The Search for Women in the Boardroom

If you're looking to invest in companies with diversity in the boardroom, there's no need to click around websites looking at bios, names, and photographs in search of people who seem to bring different expertise than your average Tom, Dick, or Harry. That would be time-consuming and a dubious way to find the good mix of business expertise, gender, and ethnicity that has been linked to better governance and higher profitability. (Although reading leaders' biographies is a good idea.)

If you're particularly interested in gender diversity, a new stock index series introduced by the folks at Pax World and KLD provides a shortcut to finding promising investment candidates. The objective of The Gender Investment Index series is "demonstrating that gender equality is an important indicator of financial health, and that companies that empower women and encourage gender diversity outperform others over the long term." 

Below are some of the top holdings in the North America Women Investment Index (NAWI), which includes 216 companies. As you can see, while these companies may all look good from a gender-equality standpoint, investors in our Motley Fool CAPS community have a mixed bag of opinions about their stocks:

Company

CAPS Rating (5 max)

Bank of Montreal (NYSE: BMO  )

***

General Mills (NYSE: GIS  )

****

Bank of Nova Scotia (NYSE: BNS  )

*****

New York Times Co. (NYSE: NYT  )

*

AT&T (NYSE: T  )

****

Estee Lauder (NYSE: EL  )

**

Quest Diagnostics (NYSE: DGX  )

*****

Selection criteria for the index included representation of women on the board of directors and in management, programs and policies that support women (such as mentoring, maternity leave, and flexible schedules), and lawsuits or claims about discrimination or hostile work environments. 

I popped over to check the New York Times' board of directors and found that five of the 15 are women (including President and CEO Janet Robinson). At General Mills, I found eight of 32 top managers were women, along with five of 13 directors.

What to do
If this kind of socially responsible investing (which also bears the possibility of solid performance) appeals to you, keep an eye out for new index mutual funds or exchange-traded funds (ETFs) based on these indexes.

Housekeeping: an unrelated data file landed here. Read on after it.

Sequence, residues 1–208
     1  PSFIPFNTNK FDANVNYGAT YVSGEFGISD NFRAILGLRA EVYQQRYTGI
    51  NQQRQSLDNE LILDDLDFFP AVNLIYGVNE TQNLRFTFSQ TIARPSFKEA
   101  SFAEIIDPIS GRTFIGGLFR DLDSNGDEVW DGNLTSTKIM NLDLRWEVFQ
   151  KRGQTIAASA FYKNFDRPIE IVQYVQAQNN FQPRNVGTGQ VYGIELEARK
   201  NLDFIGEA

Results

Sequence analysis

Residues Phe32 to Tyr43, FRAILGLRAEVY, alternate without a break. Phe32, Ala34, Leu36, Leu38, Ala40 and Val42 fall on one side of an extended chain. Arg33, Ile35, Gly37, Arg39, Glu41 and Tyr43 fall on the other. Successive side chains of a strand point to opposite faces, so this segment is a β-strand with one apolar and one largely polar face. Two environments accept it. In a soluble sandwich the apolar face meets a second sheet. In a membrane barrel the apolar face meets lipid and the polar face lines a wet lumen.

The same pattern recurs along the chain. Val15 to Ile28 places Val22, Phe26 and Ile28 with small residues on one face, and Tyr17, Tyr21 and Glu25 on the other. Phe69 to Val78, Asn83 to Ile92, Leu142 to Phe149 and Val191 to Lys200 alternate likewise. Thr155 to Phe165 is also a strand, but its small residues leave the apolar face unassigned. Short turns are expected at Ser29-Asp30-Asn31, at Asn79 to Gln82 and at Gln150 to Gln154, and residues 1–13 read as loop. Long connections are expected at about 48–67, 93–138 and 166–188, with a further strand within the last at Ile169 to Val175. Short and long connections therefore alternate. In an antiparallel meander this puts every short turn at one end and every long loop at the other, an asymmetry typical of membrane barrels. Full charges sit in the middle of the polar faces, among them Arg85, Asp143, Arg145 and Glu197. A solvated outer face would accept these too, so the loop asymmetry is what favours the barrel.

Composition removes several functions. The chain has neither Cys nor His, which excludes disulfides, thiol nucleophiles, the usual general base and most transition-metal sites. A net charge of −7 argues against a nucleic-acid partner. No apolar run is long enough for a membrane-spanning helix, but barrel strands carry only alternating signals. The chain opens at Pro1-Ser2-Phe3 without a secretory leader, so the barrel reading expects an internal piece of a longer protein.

Learn more in these articles:

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Longtime Fool contributor Selena Maranjian does not own shares of any companies mentioned in this article. Bank Of Nova Scotia is a Motley Fool Income Investor recommendation. Quest Diagnostics is a Motley Fool Inside Value pick. Try any of the Fool's investing newsletters free for 30 days. The Motley Fool is Fools writing for Fools.


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  • Report this Comment On March 31, 2009, at 12:42 PM, pondee619 wrote:

    "The objective of The Gender Investment Index series is "demonstrating that gender equality is an important indicator of financial health, and that companies that empower women and encourage gender diversity outperform others over the long term." "

    Their objective may be demonstrating... but has it done so?

    "If you're particularly interested in gender diversity" Why shoud I be?

    If I am interested in gender diversity, aren't I admitting that the genders are different? Are they different? Should they be treated differently?

    If I look at, and judge, a person based on their gender, race, religion, national origin, aren't I being sexist, racist or otherwise bigoted?

    If a woman should be selected for a position because she is a woman, couldn't she be denied that same post for the same reason?

    Shouldn't I judge a person by the depth of their soul, extent of their experience, and quality of their abilities rather than the color of their skin, country of their origin, religious beliefs and/or gender?

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